Ending public assistance: The transformation of US public assistance policy into labour policy

Karger, Howard Jacob (2003) Ending public assistance: The transformation of US public assistance policy into labour policy. Journal of Social Policy, 32 3: 383-401. doi:10.1017/S0047279403007074

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Author Karger, Howard Jacob
Title Ending public assistance: The transformation of US public assistance policy into labour policy
Journal name Journal of Social Policy   Check publisher's open access policy
ISSN 0047-2794
1469-7823
Publication date 2003-07-01
Sub-type Article (original research)
DOI 10.1017/S0047279403007074
Volume 32
Issue 3
Start page 383
End page 401
Total pages 19
Editor Hartley Dean
Tania Burchardt
Place of publication Cambridge, U.K.
Publisher Cambridge University Press
Language eng
Subject 1605 Policy and Administration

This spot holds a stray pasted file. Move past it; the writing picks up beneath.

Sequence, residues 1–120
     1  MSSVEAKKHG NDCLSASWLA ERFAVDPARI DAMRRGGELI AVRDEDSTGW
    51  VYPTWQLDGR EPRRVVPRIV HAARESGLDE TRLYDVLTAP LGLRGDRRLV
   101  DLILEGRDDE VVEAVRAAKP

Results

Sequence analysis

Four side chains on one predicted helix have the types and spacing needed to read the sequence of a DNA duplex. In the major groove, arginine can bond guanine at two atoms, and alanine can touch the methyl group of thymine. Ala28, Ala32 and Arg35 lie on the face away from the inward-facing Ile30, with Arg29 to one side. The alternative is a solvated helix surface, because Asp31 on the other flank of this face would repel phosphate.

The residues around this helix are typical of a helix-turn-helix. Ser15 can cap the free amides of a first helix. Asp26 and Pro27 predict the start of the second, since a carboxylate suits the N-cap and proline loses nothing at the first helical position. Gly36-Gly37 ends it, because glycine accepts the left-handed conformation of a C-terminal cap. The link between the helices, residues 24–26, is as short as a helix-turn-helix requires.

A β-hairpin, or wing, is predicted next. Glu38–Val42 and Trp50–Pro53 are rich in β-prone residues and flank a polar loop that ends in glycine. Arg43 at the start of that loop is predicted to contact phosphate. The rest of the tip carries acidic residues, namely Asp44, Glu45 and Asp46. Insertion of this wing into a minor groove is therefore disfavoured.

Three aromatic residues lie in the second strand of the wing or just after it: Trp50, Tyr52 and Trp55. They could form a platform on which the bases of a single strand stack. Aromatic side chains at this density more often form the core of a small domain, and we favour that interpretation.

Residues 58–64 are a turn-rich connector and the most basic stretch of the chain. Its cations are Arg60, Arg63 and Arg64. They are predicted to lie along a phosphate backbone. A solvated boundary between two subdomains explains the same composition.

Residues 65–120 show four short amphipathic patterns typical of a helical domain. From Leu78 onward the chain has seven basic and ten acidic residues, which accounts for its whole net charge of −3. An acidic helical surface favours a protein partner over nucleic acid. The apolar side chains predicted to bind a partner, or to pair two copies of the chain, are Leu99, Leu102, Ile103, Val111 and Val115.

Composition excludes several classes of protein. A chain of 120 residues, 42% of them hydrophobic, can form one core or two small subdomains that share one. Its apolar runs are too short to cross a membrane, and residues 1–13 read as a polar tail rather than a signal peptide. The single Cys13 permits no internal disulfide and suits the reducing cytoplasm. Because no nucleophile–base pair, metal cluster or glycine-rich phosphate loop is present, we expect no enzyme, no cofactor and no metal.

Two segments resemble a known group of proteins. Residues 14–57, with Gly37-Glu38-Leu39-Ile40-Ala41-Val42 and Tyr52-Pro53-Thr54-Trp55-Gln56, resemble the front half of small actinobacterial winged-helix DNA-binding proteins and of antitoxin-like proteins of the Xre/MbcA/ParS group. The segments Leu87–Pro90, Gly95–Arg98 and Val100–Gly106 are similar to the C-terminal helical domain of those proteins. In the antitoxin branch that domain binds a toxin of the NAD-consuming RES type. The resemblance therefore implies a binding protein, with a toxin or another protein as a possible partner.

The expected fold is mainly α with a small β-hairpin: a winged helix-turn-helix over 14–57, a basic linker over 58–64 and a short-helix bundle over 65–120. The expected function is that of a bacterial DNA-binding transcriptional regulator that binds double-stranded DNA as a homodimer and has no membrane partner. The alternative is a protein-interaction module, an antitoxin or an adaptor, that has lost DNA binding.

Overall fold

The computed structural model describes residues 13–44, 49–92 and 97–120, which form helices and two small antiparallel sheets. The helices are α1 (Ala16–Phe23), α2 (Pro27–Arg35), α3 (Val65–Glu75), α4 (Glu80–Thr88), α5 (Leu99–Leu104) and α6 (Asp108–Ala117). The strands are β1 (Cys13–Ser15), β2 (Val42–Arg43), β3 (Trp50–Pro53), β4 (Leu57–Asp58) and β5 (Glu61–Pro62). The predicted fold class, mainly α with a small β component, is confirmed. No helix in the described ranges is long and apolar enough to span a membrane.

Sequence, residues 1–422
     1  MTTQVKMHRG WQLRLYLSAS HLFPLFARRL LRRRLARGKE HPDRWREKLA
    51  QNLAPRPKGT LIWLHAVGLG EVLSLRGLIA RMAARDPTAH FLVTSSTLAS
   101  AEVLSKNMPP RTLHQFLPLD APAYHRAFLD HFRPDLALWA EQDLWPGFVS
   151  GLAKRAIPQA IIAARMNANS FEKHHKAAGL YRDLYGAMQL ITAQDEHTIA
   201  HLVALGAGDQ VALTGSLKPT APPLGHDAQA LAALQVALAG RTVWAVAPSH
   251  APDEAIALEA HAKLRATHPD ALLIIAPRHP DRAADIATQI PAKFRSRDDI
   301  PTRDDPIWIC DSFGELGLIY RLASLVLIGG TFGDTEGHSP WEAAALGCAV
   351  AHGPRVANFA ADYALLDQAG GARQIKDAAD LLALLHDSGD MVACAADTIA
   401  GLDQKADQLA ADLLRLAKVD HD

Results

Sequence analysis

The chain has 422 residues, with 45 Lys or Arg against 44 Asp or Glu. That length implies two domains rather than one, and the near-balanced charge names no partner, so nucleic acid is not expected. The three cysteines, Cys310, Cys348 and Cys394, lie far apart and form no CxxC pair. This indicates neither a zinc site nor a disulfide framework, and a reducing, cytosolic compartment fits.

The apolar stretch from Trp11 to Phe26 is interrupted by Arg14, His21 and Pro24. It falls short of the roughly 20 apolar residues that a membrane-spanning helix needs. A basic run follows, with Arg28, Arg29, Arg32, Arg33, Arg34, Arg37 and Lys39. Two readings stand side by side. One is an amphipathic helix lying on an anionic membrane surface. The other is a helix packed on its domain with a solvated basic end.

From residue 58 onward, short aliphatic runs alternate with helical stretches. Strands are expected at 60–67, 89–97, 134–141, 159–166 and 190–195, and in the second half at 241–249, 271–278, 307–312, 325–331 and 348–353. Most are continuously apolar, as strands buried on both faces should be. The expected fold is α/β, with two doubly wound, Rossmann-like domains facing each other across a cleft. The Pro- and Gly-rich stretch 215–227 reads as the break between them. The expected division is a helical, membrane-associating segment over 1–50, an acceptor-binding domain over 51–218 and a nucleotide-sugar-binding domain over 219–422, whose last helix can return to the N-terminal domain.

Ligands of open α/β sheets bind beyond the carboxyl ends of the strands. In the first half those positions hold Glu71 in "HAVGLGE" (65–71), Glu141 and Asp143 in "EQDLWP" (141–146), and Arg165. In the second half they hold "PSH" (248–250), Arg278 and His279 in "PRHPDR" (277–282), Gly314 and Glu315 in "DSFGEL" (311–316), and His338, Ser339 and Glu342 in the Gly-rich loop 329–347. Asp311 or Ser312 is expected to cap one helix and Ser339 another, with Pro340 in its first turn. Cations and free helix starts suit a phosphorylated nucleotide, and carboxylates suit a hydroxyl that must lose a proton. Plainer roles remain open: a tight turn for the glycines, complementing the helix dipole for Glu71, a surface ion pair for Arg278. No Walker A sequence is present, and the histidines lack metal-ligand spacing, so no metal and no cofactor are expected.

Abstract A convincing argument can be made that US income maintenance policy would be better housed under the Secretary of Labour than with the Secretary of Health and Human Services. Begun almost 30 years ago, the transformation of public assistance policy into labour policy reached fruition with the passage of the groundbreaking Personal Responsibility and Work Opportunity Reconciliation Act of 1996 (PRWORA), a bill that would dramatically transform the face of the American welfare state. Despite the inclusion of important welfare policies, the PRWORA was essentially labour policy clothed in welfare terminology. This article examines the metamorphosis of public assistance policy into labour policy and proposes alternatives to promote durable labour force attachment as well as ways to ease former recipients into the workforce through equity-based labour policies. Copyright © 2003 Cambridge University Press
Keyword Welfare policy
Welfare economics
Labour policy
Labour economics
Q-Index Code C1
Q-Index Status Provisional Code
Institutional Status Unknown

 
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Citation counts: TR Web of Science Citation Count  Cited 6 times in Thomson Reuters Web of Science Article | Citations
Scopus Citation Count Cited 8 times in Scopus Article | Citations
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Created: Fri, 22 Jan 2010, 01:50:15 EST by Gerald Martin on behalf of Faculty of Social & Behavioural Sciences